Extreme Social Distancing

April 2, 2020

Dennis and I began practicing social distancing around March 1, before there was even a name for it. At the time it was considered an extreme over-reaction to a threat no more serious than the seasonal flu. But as of April 1, physical distancing is now the law in Arizona, although there is a host of exceptions for essential services. Hiking is specifically exempt from the requirement to stay home, so long as one practices physical distancing. But when the schools and many business closed their doors on March 20, popular trails quickly became extremely crowded, and in our experience, NOONE — not one person — observed social distancing. We felt like lumatics, diving into the cactus to avoid pelotons of hikers 3-4 abreast on the trail. Gradually, the National Forest and state parks closed campgrounds and restrooms, and the Grand Canyon closed altogether on April 1. So now the challenge is finding but the trick is to find a hiking destination so remote you don't have to worry about all the "covidiots" who refuse to practice social distancing. Fortunately in Arizona, that's pretty easy to do!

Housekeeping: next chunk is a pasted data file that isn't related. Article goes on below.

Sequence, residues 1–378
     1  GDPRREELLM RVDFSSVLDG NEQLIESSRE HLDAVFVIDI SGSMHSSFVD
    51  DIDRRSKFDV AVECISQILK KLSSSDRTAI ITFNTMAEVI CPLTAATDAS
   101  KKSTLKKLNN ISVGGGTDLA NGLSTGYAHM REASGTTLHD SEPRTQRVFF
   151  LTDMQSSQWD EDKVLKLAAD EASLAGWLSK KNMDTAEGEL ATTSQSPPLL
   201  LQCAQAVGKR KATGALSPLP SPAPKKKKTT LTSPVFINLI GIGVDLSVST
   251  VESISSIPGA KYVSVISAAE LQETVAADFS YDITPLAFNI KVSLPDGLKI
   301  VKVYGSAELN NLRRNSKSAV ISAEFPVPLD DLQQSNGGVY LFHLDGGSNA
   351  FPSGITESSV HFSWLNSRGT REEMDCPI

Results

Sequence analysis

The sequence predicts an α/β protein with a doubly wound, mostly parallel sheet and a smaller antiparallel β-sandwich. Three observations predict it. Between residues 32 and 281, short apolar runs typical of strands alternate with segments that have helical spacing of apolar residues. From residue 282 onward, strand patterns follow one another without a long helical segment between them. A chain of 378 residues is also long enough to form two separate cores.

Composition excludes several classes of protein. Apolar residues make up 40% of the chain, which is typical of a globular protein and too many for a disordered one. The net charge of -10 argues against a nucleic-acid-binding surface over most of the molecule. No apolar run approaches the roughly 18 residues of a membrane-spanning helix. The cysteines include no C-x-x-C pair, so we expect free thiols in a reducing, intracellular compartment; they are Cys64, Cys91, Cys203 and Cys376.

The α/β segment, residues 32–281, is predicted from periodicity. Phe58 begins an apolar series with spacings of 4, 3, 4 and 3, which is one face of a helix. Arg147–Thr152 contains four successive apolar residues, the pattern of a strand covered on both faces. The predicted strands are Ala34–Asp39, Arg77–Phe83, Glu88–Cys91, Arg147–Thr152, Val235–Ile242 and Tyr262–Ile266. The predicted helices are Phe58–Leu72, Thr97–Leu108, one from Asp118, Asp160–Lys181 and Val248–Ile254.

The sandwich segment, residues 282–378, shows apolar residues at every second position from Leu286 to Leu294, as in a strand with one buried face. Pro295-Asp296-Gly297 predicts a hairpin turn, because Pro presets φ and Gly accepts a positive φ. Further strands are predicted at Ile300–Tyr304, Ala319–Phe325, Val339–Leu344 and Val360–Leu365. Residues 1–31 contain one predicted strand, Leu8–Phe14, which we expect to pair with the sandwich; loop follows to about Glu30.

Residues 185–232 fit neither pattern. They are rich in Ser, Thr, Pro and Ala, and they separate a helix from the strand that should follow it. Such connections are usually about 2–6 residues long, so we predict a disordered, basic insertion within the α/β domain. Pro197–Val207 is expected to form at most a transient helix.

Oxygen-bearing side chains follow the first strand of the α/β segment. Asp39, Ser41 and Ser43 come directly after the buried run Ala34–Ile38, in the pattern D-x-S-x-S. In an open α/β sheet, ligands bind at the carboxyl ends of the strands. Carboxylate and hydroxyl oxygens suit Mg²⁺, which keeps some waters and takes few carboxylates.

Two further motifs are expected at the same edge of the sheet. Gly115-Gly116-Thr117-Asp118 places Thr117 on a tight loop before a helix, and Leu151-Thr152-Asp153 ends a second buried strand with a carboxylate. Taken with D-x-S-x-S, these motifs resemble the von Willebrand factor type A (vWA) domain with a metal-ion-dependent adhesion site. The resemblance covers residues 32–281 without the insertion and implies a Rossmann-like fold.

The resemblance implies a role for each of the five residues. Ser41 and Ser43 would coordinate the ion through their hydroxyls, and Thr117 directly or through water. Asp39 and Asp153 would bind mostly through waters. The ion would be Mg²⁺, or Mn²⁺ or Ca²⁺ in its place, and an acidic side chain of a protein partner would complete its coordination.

We gave ourself a vague destination: bushwhacking cross-country to a canyon on the north side of the Catalina Mountains. But all these canyons are so braided, and so often deeper and more sinuous than you expect. It was a more-or-less random brush-bashing, with lots of opportunities to exercise our navigational skills!

Lunch on a knoll overlooking the San Pedro River Valley, in a field of owl clover, apricot mallow, dalea, tackstem and blackfoot daisies

Blackfoot daisies were really out in force today. And notice the rock — some kind of limestone, wrinkled as an elephant's hide, and covered with petrified plant debris.

A knoll of "elephant hide" lit up with desert marigolds. There was a significant cave at the base of the cliff.

These tiny yellow-green flowers were everywhere! My friend Barb W identified them as Chamaesaracha sordida (false nightshade).

An intact desert tortoise shell. First time I've ever found one in nature! The carapace is white like any skull, but then covered in hexagonal "tiles".

The final resting place of all Mylar balloons!